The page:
<span id="hs_cos_wrapper_name" class="hs_cos_wrapper hs_cos_wrapper_meta_field hs_cos_wrapper_type_text" style="" data-hs-cos-general-type="meta_field" data-hs-cos-type="text" >Progreso</span>


22 march 2012
6 min. de lectura
                  Progreso-banana       Progreso-hobbiecat     Progreso-playa-malecon
                  Progreso-monumento       Progreso-playa-malecon      Progreso-playa-masaje

In its role as the hub of Yucatán’s coastal communities, Progreso is something of a paradox. Its laid-back ambience is still appealing most of the year; many North Americans and Europeans who want to escape their chilly winters are attracted to Progreso as a place to live part-time or full-time. They like the fact that there are restaurants, hardware stores, supermarkets, and a good hospital; all essential services are there. And of course they are only a half hour drive from Mérida and all its nearby attractions. Others, however, don’t want to live in the “hustle-bustle” of this port city of 54,000 inhabitants…they prefer the smaller towns of Chelem or Telchac Puerto, or the spacious beaches of San Benito or San Bruno, and use Progreso as a place to shop or dine.


Either way, Progreso has long been a crucial link to the world. Its foundation came about due to necessity. During the height of the henequén export era, the port town of Sisal (west of Progreso) was the main cargo departure point. But the shipping industry needed a place which was closer to the capital of Mérida. In 1856, federal permission was granted to erect the new town. In 1871 it was officially founded, and in 1875 given the category of “city”.


In 1893 the lighthouse was inaugurated. It is 36 meters high, with a 700 mm. diameter lantern that turns.


In 1936 a Danish company began construction of the pier, which was completed in 1947. In 1989 nearby Yucalpetén was inaugurated as the Puerto de Abrigo (shelter port), which has full marina facilities today, and the following year the Remote Terminal was inaugurated with its 6.5 km. viaduct. All of this helped to establish Progreso as a major international shipping port for both import and export; Linea Peninsular has been operating cargo service since 1984, and its current schedule goes between Progreso and Panama City, Florida, four times a week. Progreso’s docking facilities and proximity to Mérida and the Mundo Maya has put it on the itineraries of many cruise ships as well. And the 2009 and 2012 transatlantic sailing races  Solidaire du Chocolat, from France to Progreso, introduced the port to a new international audience.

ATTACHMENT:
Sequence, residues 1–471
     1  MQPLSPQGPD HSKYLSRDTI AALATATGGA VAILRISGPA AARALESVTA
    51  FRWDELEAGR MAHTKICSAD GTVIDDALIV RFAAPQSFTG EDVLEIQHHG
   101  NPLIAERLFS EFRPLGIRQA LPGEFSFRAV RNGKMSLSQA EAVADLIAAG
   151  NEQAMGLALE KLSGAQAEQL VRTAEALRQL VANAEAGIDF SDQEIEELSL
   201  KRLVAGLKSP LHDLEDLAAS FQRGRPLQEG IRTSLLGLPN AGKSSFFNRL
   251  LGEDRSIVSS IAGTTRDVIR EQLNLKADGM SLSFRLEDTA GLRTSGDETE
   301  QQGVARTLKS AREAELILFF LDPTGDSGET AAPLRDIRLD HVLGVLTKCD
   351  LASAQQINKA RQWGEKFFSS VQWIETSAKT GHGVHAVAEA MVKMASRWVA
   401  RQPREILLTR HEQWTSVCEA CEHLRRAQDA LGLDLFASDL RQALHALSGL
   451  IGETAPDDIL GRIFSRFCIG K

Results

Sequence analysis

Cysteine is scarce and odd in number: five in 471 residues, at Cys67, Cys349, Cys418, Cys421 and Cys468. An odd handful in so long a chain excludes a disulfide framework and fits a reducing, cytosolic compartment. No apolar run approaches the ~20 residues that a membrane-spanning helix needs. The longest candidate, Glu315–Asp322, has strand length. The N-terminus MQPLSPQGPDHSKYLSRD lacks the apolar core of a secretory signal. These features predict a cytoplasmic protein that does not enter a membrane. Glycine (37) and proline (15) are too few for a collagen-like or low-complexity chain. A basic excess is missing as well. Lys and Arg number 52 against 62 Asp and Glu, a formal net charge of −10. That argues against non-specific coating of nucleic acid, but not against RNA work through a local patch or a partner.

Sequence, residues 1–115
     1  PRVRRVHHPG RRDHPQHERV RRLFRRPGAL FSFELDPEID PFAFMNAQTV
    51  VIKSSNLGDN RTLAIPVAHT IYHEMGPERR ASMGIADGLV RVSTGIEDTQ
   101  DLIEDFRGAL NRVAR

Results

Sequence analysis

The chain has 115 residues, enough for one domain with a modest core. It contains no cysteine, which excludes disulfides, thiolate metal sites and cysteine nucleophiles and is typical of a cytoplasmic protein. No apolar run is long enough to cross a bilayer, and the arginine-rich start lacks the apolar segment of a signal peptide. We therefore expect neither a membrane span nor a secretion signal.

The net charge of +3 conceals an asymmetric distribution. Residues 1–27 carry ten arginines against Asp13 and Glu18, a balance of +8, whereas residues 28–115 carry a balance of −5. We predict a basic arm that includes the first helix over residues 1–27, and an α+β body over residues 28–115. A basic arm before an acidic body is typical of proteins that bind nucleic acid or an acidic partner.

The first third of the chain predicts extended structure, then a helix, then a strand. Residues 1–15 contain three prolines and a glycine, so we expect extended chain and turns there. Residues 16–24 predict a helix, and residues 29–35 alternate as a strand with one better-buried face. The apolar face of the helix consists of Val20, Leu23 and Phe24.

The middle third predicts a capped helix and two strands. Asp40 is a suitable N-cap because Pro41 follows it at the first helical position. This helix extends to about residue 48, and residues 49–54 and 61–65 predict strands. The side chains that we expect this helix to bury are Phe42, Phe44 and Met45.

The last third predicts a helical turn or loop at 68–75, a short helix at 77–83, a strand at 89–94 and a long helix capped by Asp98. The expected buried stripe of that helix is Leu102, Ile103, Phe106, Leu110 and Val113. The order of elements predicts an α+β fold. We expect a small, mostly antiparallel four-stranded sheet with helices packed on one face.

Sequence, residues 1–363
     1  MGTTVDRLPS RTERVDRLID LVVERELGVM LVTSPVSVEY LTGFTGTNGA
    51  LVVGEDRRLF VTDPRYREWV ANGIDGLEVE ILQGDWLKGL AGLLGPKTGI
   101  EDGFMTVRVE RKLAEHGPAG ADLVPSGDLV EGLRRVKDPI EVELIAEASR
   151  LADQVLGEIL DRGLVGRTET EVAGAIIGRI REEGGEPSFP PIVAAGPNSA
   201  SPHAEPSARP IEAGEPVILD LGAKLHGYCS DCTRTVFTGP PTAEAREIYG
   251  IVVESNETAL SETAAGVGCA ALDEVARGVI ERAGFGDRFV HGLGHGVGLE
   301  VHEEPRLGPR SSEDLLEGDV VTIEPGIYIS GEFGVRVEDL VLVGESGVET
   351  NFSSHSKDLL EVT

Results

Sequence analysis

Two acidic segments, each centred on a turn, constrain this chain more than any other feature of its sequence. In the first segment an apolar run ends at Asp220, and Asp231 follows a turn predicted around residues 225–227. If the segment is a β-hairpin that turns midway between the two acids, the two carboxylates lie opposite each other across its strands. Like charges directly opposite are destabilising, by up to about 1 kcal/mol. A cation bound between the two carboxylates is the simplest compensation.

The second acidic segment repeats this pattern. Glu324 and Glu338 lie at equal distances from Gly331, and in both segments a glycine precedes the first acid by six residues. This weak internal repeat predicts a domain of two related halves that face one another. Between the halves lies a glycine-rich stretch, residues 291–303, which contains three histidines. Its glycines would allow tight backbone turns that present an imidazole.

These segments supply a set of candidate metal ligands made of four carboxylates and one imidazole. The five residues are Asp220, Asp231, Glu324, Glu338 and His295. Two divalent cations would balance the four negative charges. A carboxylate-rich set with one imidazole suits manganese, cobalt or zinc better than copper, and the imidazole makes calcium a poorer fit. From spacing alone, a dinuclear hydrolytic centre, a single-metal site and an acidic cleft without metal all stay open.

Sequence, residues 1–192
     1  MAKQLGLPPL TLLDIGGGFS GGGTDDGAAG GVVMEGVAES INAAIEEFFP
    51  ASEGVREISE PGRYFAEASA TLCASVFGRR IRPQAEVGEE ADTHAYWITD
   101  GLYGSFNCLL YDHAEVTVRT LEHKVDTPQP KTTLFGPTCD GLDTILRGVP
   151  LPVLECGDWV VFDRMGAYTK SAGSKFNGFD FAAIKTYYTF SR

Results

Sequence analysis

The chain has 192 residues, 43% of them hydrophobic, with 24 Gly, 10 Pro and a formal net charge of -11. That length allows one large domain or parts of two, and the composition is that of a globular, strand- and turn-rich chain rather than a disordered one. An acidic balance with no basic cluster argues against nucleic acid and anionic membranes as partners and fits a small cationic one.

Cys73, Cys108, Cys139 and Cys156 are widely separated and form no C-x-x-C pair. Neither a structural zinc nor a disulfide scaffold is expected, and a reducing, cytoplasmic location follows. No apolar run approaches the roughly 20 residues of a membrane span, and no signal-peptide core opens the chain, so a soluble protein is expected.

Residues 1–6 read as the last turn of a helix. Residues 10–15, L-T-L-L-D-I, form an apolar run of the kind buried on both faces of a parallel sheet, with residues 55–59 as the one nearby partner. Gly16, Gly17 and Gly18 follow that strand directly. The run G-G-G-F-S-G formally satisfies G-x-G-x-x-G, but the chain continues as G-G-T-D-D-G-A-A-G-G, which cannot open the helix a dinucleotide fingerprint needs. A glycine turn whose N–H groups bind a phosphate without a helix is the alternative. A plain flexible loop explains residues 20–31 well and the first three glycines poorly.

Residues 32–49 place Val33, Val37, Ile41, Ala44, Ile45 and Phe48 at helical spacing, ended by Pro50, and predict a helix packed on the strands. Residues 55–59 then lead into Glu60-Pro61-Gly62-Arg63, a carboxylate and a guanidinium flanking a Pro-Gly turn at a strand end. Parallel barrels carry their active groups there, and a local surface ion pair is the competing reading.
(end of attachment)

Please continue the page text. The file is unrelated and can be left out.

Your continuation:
The residents of Mérida also love Progreso. At Easter and in the summer months, Progreso is anything but laid-back…thousands of Meridanos flock to their homes away from home and swim, eat, drink, and dance. Before and after those busy times Progreso reverts to its other personality, peaceful but just busy enough to suit most visitors, and the homes owned by the Mérida residents are available for rent. The beaches of Progreso are clean and the water a lovely emerald green (except at times during the winter months when the winds and tides of “nortes” stir up the water and toss seaweed on shore). There is also no undertow to speak of, which means it is a pleasure to swim there. Many of the restaurants on the seaside promenade, the “malecón”, have tables on the sand and will serve you there. What could be better than freshly grilled fish and a cold beer under a swaying palm tree…heavenly!


How to get there Driving from Mérida is easy, just go north on Calle 60 or Paseo de Montejo until you reach Progreso. Public transportation is provided by Autoprogreso and operates every 10 minutes between 5 am and 10 pm, at a cost of $20 pesos one way, $36 pesos roundtrip, from their terminal on Calle 62 between 65 and 67.



Near Progreso El Corchito, an ecological preserve that has been around for over 10 years. Located just 2 KM east of the entrance to Progreso, this preserve was visited by the Governor of Yucatán recently and is starting to gain notoriety. El Corchito is operated by local fishermen who now work to nurture the mangrove swamp by reinforcing canals which improve water circulation and encourage the growth of native plants.


Just a 5-minute boat ride in one of the several lanchas (boats) takes you into the cool shadows of the mangroves where the fishermen have built palapas and picnic tables from native wood. You can swim in any of three designated fresh-water pools, sling your hammock in the shade to relax, or wander the well-kept paths to see local fish and waterfowl. If you're really quiet, you might see a deer come to drink at one of the more isolated pools. Bring lunch and be sure to bring your camera! 

To reach El Corchito, turn east toward Chicxulub at the entrance to Progreso (where the Pemex station is). Go 2 KM to the second roundabout (glorieta) where you will see a sign to El Corchito. Veer to your right and continue on a few meters. You'll see a dirt road on your right that will take you to the boat landing area. Boat rides begin at 8:30 am daily and run until dusk. Cost is $90 pesos for non-Mexican adults and children. Mexican adults: $45 pesos. Mexican seniors and children: $35 pesos.


Check out this catchy video!









Centro Médico Americano

Tel. (969) 935 0951

Half block from the Main Plaza



Car Rental

Yucatán Vacations Car Rental

Tel. (969) 935 7440

Email:  carrental@yucatanvacations.com



Download the map for:


Read more about Progreso:

Yucatán Today

Author: Yucatán Today

Yucatán Today, la compañera del viajero, es un medio bilingüe de información turística sobre destinos, cultura, gastronomía y el qué hacer en Yucatán con 36 años de trayectoria.

¡Receive the latest articles and much more from the best of Yucatán in your email!

Main topics that may interest you
Table of Contents

Related articles